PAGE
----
Paying more for less

Like oblivious revellers in the last days of the Roman Empire, enterprise software vendors are enjoying themselves at customers’ expense with ever-increasing maintenance fees, overpriced support costs and forced-march upgrades. Imagine their shock when this party comes crashing to its inevitable end.

And there are portents of that fate already appearing.

Consider the sobering results from an AMR Research survey of 202 users of enterprise business software.

More than a third of these users (38 percent) are now training internal IT staffers to provide the necessary tech support for their applications. Some 35 percent intend to renegotiate maintenance contracts they can no longer abide, and a truly desperate minority (12 percent) has decided to quit paying for maintenance altogether. That’s akin to cancelling your home owner’s insurance and hoping your house doesn’t catch fire.

AMR analyst Jim Shepherd said that nearly one quarter of the survey respondents were sorry they’d even upgraded their software packages, because they got no additional business value from the new features. CIOs want to show their boards that they’re doing more with less — not paying more for less.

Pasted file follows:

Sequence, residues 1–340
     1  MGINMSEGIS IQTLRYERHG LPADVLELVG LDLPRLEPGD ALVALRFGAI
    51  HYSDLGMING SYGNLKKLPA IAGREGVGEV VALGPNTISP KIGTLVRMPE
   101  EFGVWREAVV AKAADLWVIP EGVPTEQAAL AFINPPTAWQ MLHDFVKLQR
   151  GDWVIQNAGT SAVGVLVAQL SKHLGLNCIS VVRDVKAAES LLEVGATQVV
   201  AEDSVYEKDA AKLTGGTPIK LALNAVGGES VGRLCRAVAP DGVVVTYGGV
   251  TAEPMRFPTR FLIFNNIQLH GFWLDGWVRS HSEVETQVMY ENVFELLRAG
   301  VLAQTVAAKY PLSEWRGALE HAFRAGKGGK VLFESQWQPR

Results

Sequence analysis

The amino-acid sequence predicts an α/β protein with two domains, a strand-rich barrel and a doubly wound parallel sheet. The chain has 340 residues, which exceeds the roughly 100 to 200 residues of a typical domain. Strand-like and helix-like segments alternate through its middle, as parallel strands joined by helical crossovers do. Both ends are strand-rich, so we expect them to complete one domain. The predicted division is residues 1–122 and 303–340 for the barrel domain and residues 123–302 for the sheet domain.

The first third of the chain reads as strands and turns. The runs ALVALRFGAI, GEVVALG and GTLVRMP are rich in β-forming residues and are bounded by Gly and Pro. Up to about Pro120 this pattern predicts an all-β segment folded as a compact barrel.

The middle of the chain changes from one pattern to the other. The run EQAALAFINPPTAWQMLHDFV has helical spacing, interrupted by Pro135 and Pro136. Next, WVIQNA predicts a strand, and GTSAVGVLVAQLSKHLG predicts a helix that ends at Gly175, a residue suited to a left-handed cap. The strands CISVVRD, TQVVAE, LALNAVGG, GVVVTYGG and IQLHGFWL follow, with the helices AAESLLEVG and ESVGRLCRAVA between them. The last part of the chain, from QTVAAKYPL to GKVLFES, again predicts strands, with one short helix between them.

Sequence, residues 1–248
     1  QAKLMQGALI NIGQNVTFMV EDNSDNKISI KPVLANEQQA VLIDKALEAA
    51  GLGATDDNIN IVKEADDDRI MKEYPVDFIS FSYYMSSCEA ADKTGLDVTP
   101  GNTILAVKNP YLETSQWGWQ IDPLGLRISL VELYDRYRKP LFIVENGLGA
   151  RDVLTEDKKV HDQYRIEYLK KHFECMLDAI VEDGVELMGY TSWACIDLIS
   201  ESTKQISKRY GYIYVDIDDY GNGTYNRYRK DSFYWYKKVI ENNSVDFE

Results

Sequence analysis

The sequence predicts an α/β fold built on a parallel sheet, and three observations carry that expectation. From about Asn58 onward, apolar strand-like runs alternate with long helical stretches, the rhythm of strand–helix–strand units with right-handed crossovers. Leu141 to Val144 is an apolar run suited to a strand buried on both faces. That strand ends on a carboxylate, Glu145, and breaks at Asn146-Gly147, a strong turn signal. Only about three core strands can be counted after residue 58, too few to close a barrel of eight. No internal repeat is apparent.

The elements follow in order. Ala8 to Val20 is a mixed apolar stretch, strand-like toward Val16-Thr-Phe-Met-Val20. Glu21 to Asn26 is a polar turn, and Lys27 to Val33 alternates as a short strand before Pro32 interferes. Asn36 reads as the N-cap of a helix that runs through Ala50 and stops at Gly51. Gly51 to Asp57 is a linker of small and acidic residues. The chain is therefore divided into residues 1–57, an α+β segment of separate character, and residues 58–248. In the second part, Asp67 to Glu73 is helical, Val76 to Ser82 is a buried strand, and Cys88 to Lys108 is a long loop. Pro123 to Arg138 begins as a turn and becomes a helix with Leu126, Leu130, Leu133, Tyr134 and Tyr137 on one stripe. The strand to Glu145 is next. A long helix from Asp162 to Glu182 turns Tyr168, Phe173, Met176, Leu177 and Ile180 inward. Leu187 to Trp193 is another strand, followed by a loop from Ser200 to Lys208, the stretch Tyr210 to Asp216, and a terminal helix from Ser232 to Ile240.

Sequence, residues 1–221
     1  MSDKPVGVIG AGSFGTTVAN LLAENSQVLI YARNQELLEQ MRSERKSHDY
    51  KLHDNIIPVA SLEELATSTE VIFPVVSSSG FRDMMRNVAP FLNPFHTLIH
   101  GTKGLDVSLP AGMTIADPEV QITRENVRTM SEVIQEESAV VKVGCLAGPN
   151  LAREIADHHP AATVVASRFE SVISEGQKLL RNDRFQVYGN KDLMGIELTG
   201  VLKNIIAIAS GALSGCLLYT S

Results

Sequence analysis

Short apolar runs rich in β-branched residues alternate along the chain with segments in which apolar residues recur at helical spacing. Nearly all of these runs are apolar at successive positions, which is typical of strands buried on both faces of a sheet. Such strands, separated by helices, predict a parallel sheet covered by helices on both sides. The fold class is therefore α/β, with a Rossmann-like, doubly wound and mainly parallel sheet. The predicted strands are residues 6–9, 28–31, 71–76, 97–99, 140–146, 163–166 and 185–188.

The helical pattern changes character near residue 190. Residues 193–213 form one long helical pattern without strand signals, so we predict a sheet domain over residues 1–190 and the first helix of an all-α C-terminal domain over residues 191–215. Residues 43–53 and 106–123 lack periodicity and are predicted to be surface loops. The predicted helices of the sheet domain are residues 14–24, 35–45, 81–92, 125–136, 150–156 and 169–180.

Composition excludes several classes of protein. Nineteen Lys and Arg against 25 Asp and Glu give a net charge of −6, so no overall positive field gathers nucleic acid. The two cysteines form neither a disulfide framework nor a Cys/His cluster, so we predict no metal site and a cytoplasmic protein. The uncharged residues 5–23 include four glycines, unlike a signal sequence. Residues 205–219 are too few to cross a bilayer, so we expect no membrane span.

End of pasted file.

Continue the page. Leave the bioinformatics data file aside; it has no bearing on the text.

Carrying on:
Now, you could argue that users have always complained about maintenance and support fees. But in the past few years of this brutal economy, the applications vendors have steadily increased those costs to make up for declining sales. Annual software maintenance fees that once accounted for 7 to 10 percent of licensing costs have moved uptown into the 17-to-25 percent range.

Whatever the future holds for enterprise software, this practice of paying more for less can’t endure. Perhaps the buy vs build pendulum will swing back with a vengeance from packaged applications to internally developed ones.

Maybe the service-provider model (à la will triumph as more application functions become commodities. Open-source alternatives (such as the Java Desktop System vs Windows) could provide yet another escape hatch for users determined to break the cycle.

If the enterprise software vendors keep on fiddling while their customers feel burned, they’re doomed to repeat one of those lessons of history. The one about how fast empires can fall.

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